All this said, it is natural for a bilingual person to switch between languages, and it is not possible, nor recommendable for a parent to try to hide that they know a certain language – you will be found out, by the latest when you answer a phone call in that language in the presence of your child! The best way to ensure that a language stays as the main language between a child and a parent is to establish a habit of consistently speaking it, not trying to force your child to use it.

I can understand your husband’s wish for everyone to speak the same language, i.e. Russian when his parents are present and German when yours are. However, what will you do when both sets of grandparents (or other relatives) are present? What I am saying is that there will always have to be compromises and the best way to avoid tricky situations is to discuss this in advance with both sides of the family.

Explain how important it is for you that your children learn both languages and that you will always translate when necessary, but that they should not feel offended by your use of language. When you do have children, you can demonstrate this by recapping your discussion with your child in the other language for the benefit of other people present. However, there is no need to completely avoid using “the other” language with your children (should you want to), they will not get confused.

Wishing you a successful bilingual family journey!

Kind regards
Rita

Rita Rosenback

  Rita Rosenback Rita is an author, Family Language Coach, blogger and speaker, who was born into a bilingual family on the Swedish-speaking west coast of Finland. After studying languages in Finland and Germany she worked as a university teacher, translator, interpreter and manager of multinational teams. Rita is now a full-time writer and coach and has been living in the U.K. since 1998. Rita is the mother of two grown-up multilingual daughters, who are the inspiration for her book: “Bringing up a Bilingual Child”, an easy-to-read guide for parents, where she navigates the reader across the “Seven Cs of Multilingual Parenting: Communication, Confidence, Commitment, Consistency, Creativity, Culture and Celebration”. Currently English and Swedish are Rita’s main languages, but she instantly switches to Finnish or German or to her Finland-Swedish dialect when the opportunity presents itself (and when push comes to shove, she can communicate in a very basic Punjabi). Rita is the creator and driving force of this website, and she gives talks and holds workshops for parents and teachers on the topic of bilingual children. She also coaches families on how to make the most of their languages and raise their children to become confident speakers of the chosen languages. Facebooktwittergoogle_pluspinterestlinkedin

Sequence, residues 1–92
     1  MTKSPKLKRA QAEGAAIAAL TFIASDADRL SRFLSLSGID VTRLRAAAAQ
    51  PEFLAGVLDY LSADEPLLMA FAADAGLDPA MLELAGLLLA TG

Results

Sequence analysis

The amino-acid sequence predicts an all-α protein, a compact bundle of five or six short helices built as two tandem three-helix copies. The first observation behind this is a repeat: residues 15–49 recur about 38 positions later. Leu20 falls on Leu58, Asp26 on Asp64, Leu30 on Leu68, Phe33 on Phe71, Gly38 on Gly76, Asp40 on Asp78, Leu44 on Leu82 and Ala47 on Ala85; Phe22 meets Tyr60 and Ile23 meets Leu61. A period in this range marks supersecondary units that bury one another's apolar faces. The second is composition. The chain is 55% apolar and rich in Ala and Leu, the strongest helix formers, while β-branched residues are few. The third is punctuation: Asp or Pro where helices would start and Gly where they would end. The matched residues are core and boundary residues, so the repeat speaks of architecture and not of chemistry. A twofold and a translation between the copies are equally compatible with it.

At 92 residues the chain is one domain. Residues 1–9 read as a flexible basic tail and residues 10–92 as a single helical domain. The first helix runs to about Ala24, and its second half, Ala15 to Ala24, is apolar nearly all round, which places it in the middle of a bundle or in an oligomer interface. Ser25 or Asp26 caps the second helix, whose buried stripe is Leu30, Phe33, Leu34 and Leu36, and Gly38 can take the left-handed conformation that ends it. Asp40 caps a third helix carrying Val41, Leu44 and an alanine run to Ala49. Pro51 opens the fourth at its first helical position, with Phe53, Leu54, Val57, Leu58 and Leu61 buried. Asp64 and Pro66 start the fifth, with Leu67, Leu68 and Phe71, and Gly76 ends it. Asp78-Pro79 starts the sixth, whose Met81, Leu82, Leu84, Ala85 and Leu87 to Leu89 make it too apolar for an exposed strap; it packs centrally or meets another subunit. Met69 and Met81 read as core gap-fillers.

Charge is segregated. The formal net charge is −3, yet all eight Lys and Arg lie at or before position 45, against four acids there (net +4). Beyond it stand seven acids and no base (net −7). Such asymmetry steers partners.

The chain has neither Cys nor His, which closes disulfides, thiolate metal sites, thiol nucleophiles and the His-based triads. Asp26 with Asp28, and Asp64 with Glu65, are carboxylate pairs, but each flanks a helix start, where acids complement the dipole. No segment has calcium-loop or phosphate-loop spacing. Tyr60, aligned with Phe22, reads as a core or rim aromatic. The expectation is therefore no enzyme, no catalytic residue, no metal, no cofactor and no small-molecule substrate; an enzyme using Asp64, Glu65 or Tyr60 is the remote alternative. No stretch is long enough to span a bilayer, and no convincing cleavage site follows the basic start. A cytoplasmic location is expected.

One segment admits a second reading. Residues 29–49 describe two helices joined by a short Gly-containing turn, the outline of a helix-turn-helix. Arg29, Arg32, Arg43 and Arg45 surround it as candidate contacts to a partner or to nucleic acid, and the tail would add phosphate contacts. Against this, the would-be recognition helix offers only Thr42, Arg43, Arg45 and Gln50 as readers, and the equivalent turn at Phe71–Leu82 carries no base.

Jun 222017
 

How to choose a child’s school and parents’ common language in a family on the move?

 

Question

Hello!

I am currently pregnant with my first child (boy) and due to give birth in two months. I come from Pakistan and my husband is German. My mother tongue is Urdu whilst my husband’s is German. English is the common language at home with my husband and also the community language as we live in London.

I have been learning German for the past few years and my current level is intermediate. I understand German better than I can speak (whilst I can understand a lot when I hear native speakers, I can only hold simple conversations in German myself). I will be at home taking care of our son for the first year whilst my husband works full time. He works long hours during the week so will mostly be home late in the evenings after our son has probably gone to bed. Weekends are the only time he will be able to speak German to our son.

We would like our son to be fluent in Urdu, German and English. For Urdu, I am only planning to teach him how to speak and not read and write. It’s more important that he is fully fluent in both German and English. I am wondering what is the best way to structure the languages we speak at home?

My main dilemma is that currently we plan to stay in London but may potentially move to Germany in a few years. If we end up staying in London when our son starts nursery/school, then we have not decided whether we will be sending him to a normal British school (where English is the dominant language) or a German school (where all subjects will be taught in German).

Given this situation, how would you recommend we structure the languages we speak at home that would work if we stay in London or move to Germany?

I would really appreciate your advice in this matter and look forward to hear from you

Best,
Mariya

Answer

Dear Mariya

Congratulations on the new addition to the family! Thank you for your question about which languages you should speak with your son to make sure he grows up becoming trilingual in Urdu, German and English, independent of where you decide to live in the UK or Germany.

To start with the obvious choice, you will be speaking Urdu with your son to pass on your mother tongue to him. You do not mention if you have family members of other Urdu-speakers who your son can also spend time with to increase the amount of exposure to the language. If you are the sole source of Urdu, the importance of being consistent in using the language with you son is crucial. If he gets used to speaking English with you, it may become more difficult for you to keep the Urdu going with him.